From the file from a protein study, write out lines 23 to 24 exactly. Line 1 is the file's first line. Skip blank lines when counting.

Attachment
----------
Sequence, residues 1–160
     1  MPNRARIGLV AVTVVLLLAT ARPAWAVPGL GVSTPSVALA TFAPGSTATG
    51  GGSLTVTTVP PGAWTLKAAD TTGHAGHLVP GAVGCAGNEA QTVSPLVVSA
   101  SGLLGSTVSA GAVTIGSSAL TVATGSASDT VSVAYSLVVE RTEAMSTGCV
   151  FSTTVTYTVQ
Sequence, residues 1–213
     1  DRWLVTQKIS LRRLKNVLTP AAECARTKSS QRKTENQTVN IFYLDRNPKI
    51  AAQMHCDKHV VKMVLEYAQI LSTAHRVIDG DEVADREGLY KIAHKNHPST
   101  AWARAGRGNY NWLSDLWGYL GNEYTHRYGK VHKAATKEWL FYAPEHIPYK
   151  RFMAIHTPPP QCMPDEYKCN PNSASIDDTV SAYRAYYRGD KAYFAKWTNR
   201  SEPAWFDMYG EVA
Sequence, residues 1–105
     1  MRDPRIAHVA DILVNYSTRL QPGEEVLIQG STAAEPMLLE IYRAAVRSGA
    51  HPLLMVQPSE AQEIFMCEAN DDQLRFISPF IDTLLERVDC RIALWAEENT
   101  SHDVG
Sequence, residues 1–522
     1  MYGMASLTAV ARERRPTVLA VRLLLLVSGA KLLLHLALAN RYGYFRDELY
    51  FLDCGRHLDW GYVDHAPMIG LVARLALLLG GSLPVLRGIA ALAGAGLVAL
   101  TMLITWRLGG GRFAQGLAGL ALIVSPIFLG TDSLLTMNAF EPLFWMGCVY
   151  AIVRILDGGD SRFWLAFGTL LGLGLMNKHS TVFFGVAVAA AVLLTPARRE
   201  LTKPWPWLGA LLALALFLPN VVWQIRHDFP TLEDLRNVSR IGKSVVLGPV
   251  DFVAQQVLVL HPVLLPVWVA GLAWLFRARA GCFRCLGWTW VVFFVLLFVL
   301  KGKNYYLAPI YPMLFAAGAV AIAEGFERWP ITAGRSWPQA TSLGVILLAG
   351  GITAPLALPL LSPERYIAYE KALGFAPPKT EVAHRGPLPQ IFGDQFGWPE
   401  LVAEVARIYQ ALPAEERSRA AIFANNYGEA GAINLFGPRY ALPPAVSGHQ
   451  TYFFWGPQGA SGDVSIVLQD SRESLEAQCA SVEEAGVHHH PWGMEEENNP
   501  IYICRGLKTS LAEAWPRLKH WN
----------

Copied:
   301  KGKNYYLAPI YPMLFAAGAV AIAEGFERWP ITAGRSWPQA TSLGVILLAG
   351  GITAPLALPL LSPERYIAYE KALGFAPPKT EVAHRGPLPQ IFGDQFGWPE